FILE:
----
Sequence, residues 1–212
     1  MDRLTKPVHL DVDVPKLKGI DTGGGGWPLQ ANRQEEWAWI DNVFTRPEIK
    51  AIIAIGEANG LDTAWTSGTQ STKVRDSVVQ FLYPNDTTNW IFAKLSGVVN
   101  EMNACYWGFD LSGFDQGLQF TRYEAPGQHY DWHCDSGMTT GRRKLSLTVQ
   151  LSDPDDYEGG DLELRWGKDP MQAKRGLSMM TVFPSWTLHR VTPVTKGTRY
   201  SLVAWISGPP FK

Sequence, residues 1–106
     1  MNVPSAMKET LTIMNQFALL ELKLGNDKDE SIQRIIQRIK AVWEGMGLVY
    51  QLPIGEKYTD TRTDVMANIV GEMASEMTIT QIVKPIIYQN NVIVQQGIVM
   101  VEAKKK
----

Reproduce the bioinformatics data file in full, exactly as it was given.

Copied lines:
Sequence, residues 1–212
     1  MDRLTKPVHL DVDVPKLKGI DTGGGGWPLQ ANRQEEWAWI DNVFTRPEIK
    51  AIIAIGEANG LDTAWTSGTQ STKVRDSVVQ FLYPNDTTNW IFAKLSGVVN
   101  EMNACYWGFD LSGFDQGLQF TRYEAPGQHY DWHCDSGMTT GRRKLSLTVQ
   151  LSDPDDYEGG DLELRWGKDP MQAKRGLSMM TVFPSWTLHR VTPVTKGTRY
   201  SLVAWISGPP FK

Sequence, residues 1–106
     1  MNVPSAMKET LTIMNQFALL ELKLGNDKDE SIQRIIQRIK AVWEGMGLVY
    51  QLPIGEKYTD TRTDVMANIV GEMASEMTIT QIVKPIIYQN NVIVQQGIVM
   101  VEAKKK